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Wallerian degeneration

Wallerian Degeneration results from axonal injury, and occurs in axons in both the Peripheral nervous system (PNS) and Central Nervous System (CNS). It occurs at the distal stump of the site of injury and usually begins within 24 hours of a lesion. Prior to degeneration distal axon stumps tend to remain electrically excitable . After injury, the axonal skeleton disintegrates and the axonal membrane breaks apart. The axonal degeneration is followed by degradation of the myelin sheath and macrophage infiltration. The macrophages, accompanied with Schwann cells serve to clear the debris from the degeneration.[1] [2]



Wallerian degeneration is named after Augustus Volney Waller. Waller conducted his experiment in 1850, on frogs by severing their glossopharyngeal and hypoglossal nerves. He then observed the distal nerves from the site of injury, which were separated from their cell bodies in the brain stem.[1] Waller described the disintegration of myelin, which he referred to as "medulla", into separate particles of various sizes. The degenerated axons formed droplets that could be stained, thus allowing studies of the course of individual nerve fibres.

Axonal Degeneration

Although most injury responses include a calcium influx signaling to promote resealing of severed parts, axonal injuries initially lead to acute axonal degeneration (AAD), which is rapid separation of the proximal and distal ends within 30 minutes of injury.[3] Degeneration follows with swelling of the axolemma, and eventually leads to bead like formation. The process takes about roughly 24 hrs in the PNS, and longer in the CNS. The signaling pathways leading to axolemma degeneration are currently unknown. However, research has shown that this AAD process is calcium – independent.[4]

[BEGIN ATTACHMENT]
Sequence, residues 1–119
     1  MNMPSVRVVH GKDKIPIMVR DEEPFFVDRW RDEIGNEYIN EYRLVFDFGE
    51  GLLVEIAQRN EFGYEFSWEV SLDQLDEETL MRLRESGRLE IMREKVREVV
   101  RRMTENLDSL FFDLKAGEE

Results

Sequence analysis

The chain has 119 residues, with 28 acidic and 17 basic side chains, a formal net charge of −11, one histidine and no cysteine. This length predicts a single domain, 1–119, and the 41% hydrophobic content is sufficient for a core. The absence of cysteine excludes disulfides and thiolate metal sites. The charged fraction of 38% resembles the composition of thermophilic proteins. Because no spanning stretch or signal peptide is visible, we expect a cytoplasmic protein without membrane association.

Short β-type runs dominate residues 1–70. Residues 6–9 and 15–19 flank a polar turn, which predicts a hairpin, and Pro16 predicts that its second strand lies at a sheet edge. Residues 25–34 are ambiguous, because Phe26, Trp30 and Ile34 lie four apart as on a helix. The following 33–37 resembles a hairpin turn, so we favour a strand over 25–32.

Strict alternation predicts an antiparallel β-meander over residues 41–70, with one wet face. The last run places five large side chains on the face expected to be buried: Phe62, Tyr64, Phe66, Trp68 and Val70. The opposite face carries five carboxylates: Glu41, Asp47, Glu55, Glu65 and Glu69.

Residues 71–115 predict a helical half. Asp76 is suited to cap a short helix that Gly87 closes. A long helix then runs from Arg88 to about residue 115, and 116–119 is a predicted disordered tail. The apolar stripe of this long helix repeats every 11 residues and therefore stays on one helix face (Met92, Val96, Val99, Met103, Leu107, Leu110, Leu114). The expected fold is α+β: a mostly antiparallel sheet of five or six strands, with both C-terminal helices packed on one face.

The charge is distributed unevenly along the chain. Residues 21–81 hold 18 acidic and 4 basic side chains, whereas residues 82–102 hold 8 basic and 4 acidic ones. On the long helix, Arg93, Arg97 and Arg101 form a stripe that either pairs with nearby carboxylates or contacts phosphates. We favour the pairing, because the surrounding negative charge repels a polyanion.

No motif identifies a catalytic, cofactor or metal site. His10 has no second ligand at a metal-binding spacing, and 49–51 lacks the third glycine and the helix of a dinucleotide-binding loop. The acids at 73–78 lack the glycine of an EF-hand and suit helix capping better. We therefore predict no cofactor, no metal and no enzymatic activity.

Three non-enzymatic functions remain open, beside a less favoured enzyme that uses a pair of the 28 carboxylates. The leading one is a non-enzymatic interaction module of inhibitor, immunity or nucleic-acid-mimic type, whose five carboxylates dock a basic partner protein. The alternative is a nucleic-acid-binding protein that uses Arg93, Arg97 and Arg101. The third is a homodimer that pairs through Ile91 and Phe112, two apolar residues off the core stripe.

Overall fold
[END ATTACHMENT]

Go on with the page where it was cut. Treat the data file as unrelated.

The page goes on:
Granular disintegration of the axonal cytoskeleton and inner organelles occurs after axolemma degradation. Early changes include accumalation of mitochondria in the paranodal regions at the site of injury. Endoplasmic reticulum degrades and mitochondria swell up and eventually disintegrate. The depolymerization of microtubules occurs and is soon followed by degradation of the neurofilaments and other cytoskeleton components. The disintegration is dependent on Ubiquitin and Calpain proteases (casued by influx of calcium ion), suggesting that axonal degeneration is an active process and not a passive one as previously misunderstood.[5] Thus the axon undergoes complete fragmentation. The rate of degradation is dependent on the type of injury and also varies from PNS to CNS, being slower in CNS. Another factor that affects degradation rate includes axon diameter. Larger axons require longer time for cytoskeleton degradation and thus take a longer time to degenerate.

Myelin Clearance

Myelin is a phospholipid membrane that wraps around axons to provide them with insulation. Its produced by Schwann cells in the PNS, and by Oligodendrocytes in the CNS. Myelin clearance is the next step in Wallerian degeneration following axonal degeneration. The cleaning up of myelin debris is different for PNS and CNS. PNS is much faster and efficient at clearing myelin debris in comparison to CNS, and Schwann cells are the primary cause of this difference. Another key aspect is the change in permeability of the blood-tissue barrier in the two systems. In PNS, the permeability increases throughout the distal stump, but the barrier disruption in CNS is limited to just the site of injury.[4]

Clearance in PNS